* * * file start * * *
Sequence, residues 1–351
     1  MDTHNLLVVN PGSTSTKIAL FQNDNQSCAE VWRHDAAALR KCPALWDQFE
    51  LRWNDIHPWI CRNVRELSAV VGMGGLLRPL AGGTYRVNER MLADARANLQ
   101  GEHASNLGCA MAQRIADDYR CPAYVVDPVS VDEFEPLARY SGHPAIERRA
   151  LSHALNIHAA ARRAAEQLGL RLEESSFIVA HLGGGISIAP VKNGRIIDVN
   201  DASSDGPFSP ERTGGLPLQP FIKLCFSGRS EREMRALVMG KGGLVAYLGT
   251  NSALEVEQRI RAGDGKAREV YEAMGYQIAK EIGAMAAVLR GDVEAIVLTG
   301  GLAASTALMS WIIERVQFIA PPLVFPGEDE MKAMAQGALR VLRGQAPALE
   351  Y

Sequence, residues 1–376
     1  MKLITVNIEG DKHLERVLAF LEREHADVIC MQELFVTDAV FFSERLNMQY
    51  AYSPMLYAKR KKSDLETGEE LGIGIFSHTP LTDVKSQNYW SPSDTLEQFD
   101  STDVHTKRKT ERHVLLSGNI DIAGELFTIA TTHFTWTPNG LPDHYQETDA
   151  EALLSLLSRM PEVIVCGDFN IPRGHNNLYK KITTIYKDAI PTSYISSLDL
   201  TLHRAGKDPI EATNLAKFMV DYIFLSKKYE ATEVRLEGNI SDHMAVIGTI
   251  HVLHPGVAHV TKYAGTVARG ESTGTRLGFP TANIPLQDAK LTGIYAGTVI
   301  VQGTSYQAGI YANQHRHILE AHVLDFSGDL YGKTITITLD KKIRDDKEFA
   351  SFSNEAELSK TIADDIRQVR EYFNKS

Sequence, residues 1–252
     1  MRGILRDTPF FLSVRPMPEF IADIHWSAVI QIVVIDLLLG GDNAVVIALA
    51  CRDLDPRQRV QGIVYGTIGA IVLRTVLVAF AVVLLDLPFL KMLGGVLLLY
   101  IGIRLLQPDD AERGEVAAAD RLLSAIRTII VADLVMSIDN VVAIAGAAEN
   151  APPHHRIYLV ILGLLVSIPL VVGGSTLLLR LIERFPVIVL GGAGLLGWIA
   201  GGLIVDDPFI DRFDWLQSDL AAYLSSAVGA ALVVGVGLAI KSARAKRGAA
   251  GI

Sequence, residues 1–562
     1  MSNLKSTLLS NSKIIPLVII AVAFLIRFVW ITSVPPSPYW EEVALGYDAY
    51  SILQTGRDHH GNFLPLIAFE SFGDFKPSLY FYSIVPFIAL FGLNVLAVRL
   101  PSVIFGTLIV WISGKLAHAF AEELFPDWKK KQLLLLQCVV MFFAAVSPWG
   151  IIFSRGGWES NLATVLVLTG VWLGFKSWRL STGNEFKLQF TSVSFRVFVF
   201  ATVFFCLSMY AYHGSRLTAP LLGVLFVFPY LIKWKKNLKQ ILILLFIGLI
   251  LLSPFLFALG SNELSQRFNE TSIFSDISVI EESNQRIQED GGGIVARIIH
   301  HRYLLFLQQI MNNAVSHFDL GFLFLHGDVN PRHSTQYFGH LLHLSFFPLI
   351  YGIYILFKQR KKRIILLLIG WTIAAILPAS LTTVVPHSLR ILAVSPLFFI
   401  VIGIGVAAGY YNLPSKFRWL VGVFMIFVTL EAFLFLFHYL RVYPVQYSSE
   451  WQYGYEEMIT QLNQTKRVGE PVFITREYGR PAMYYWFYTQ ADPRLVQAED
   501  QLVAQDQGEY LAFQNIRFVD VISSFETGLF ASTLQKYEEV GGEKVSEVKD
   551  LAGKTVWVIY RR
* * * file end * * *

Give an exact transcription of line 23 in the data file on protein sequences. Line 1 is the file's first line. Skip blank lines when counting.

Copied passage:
   151  APPHHRIYLV ILGLLVSIPL VVGGSTLLLR LIERFPVIVL GGAGLLGWIA